Do you know why it is hard to take the New Atheists seriously? Because so many of them, intellectually arrogant as they may be, are essentially ignorant about the phenomena on which the declaim so loudly, and dishonest or deluded about what they affirm so ferociously.

Today’s example is Jerry Coyne, a professor in the Department of Ecology and Evolution at the University of Chicago. He writes in USA Today:

Religion in America is on the defensive.

Atheist books such as The God Delusion and The End of Faith have, by exposing the dangers of faith and the lack of evidence for the God of Abraham, become best-sellers.

The God Delusion (Richard Dawkins) has been castigated even by atheists for the extraordinarily sloppy, even dishonest treatment of its subject. The End of Faith (Sam Harris) contradicts its own argument for “reason” and “evidence” by claiming that all religion leads to terrorism, an empirically false assertion that renders anything else the author says about the subject dismissible. If this is what Coyne is relying on to prove that “religion is on the defensive,” he’s already lost the argument.

Science nibbles at religion from the other end, relentlessly consuming divine explanations and replacing them with material ones. Evolution took a huge bite a while back, and recent work on the brain has shown no evidence for souls, spirits, or any part of our personality or behavior distinct from the lump of jelly in our head.

Because Christians, Jews, and Muslims, at the very least have no problem with the notion that God can use the material world for His purposes (just like human beings), they also reject any necessary opposition between “divine explanations” and “material ones.” As for the supposed non-existence of souls or spirits, Coyne is obviously from the Yuri Gagarin school of theology (the Soviet cosmonaut who famously declared that God must not exist, because when he went to outer space he couldn’t see Him). He also contradicts a later point by making a conclusion based on insufficient, incomplete, and still potentially incorrect research.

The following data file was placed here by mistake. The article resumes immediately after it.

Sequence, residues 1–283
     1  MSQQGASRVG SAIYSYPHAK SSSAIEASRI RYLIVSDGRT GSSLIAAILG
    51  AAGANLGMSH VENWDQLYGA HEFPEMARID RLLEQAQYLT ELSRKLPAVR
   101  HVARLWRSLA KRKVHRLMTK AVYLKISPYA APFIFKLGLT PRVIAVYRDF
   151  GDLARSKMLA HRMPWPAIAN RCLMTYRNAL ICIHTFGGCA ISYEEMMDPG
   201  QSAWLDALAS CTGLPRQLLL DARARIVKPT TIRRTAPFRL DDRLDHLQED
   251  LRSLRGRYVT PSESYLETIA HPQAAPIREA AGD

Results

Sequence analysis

We now know that the universe did not require a creator.

Actually, we don’t know that, and in fact can’t know that. For someone who is so devoted to reason and evidence, Coyne has a disconcerting habit of making unprovable faith statement.

Science is even studying the origin of morality.

A statement that proves nothing, especially if one looks at the linked article.

But faith will not go gentle. For each book by a “New Atheist,” there are many others attacking the “movement” and demonizing atheists as arrogant, theologically ignorant, and strident.

The truth of which contentions Coyne demonstrates nicely in this article, especially by claiming that only people who think the way he does are “rational.”

Science and faith are fundamentally incompatible, and for precisely the same reason that irrationality and rationality are incompatible. They are different forms of inquiry, with only one, science, equipped to find real truth.

Coyne is a fine example of the operation of what John Henry Newman called “antecedent reasons.” He starts with an unstated, unquestioned, perhaps not even acknowledged assumption: only the material world is real. Once one has made that assumption, one can declare a priori that any form of reasoning that recognizes a non-material element to existence is irrational. Christian theology begins with the assumption that there is an element of reality that is not material, and goes on from there. Hence, it must be irrational, and any “truth” that it uncovers must of necessity be false. Yet Coyne doesn’t bother to prove his assumption (in fact, cannot prove it; indeed, his assumption, unlike that of the Christian, is falsifiable objects, “for surely numbers, equations, formulas, functions, properties, and propositions are among the the objects studied by physics; and just as surely none of these things is a physical object”–Ned Markosian, Western Washington University). He simply makes an assumption, and then proceeds to insult those who disagree based on it.